I hope the neighbors didn’t see me punch our mailbox.
On this day the solid black box, accented with its red arm and gold letters identifying it as belonging to Jennifer and me, served as a tangible representation of my Multiple Sclerosis.
And he had it coming.
OK, so I didn’t really punch it. I guess it was more like a smack. It was a my way of nonverbally saying, “So there! Take that, ya thug.”
For as much as I hope the neighbors missed my pseudo-mailbox beating, I pray they didn’t see me crying. OK, so I wasn’t really crying. I guess it was more like a muted sob. This was the day I feared would never come.
I hadn’t gone for a run in nearly two months. I don’t know how I did it, but sometime during a regular training run in early to mid February, I hurt my left calf. Turns out I tore a muscle and my doctor told me to take four to six weeks off from running. Jennifer, who was with me when the doctor handed down my sentence, said I started fussing like a little boy at the prospect of being off for up to six weeks.
“You were being a big baby, but you were kind of cute,” she said. Our doctor showed some leniency and said I could try it after three weeks to see how it felt. At exactly three weeks, I hit my regular trails lightly. And they struck back with a vengeance, making my recovering calf pulse in sharp pain.
So I took more time.
I know sports injuries such as this are not uncommon, and in some ways I was surprised it hadn’t happened before this. But with every day I wasn’t running, I feared MS was catching up with me. I had started preparing myself for dealing with the potential reality that my running days may be a thing of the past.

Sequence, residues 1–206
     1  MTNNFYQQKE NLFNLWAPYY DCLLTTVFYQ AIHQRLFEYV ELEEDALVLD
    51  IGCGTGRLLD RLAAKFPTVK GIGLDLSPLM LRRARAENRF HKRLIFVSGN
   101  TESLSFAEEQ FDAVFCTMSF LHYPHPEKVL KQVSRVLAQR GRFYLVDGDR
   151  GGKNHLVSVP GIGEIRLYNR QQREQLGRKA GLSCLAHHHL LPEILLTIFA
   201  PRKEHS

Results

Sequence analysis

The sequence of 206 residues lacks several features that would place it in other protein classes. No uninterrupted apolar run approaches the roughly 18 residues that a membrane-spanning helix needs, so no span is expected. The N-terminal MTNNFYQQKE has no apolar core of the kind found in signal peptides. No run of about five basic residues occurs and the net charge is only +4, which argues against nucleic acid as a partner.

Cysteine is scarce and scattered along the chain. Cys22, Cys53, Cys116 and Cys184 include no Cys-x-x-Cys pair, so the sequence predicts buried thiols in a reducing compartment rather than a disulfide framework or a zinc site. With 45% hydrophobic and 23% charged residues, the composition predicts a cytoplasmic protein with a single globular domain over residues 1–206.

And I honestly thought my MS, after realizing it couldn’t break my stride by himself, had cut a deal with my left calf to help him bring me down. OK, I understand the MS can get me whenever he wants to, but this wouldn’t be the first time my body turned against me. After all, this is how the whole MS thing started in the first place as my immune system started attacking the healthy myelin surrounding my nerve cells, right?
At nearly seven weeks, I ventured out on the trails again. Half mile, no pain. One mile, no pain. Two miles, no pain. Two and a half miles, no pain. I was home, and this was enough for my first time out. Running never felt so good, and I was doing it. Again.
And so I smacked the mailbox – “So there! Take that, ya thug.” – and I fought back the tears until I was inside the house.
I’ve been out running a couple times since then appreciating every stride I take, slow and easy; more fully appreciating everything I have and can do right now. Everything.
This is what I have today.